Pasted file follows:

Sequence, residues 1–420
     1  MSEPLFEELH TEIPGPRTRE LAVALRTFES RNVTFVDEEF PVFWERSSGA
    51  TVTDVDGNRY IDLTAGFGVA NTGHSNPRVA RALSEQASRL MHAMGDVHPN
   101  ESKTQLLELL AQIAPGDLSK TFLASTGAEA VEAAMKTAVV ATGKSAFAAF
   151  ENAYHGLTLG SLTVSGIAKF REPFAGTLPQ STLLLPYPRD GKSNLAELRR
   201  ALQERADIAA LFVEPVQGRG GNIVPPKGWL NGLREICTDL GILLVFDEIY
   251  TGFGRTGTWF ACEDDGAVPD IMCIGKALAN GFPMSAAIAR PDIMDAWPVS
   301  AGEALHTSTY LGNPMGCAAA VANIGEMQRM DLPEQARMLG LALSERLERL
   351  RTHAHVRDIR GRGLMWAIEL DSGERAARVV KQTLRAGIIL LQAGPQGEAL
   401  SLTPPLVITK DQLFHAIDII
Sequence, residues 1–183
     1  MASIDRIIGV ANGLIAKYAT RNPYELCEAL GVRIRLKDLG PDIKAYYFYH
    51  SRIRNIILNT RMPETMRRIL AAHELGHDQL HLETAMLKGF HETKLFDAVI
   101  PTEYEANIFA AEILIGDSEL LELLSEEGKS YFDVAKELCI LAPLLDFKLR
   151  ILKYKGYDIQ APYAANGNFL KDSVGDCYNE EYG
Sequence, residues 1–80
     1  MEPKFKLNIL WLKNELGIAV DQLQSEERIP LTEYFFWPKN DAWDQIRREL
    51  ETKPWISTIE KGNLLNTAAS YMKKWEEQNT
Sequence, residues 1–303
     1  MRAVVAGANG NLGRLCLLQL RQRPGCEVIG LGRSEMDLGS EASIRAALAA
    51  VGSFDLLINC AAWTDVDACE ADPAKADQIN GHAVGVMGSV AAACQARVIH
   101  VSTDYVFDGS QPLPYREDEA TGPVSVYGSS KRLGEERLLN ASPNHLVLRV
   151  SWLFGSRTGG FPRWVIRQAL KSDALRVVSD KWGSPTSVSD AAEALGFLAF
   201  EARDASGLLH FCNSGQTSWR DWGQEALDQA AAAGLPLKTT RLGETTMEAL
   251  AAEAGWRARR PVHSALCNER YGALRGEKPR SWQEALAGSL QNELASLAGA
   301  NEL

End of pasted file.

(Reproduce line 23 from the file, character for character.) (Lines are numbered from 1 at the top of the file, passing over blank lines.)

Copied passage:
   151  SWLFGSRTGG FPRWVIRQAL KSDALRVVSD KWGSPTSVSD AAEALGFLAF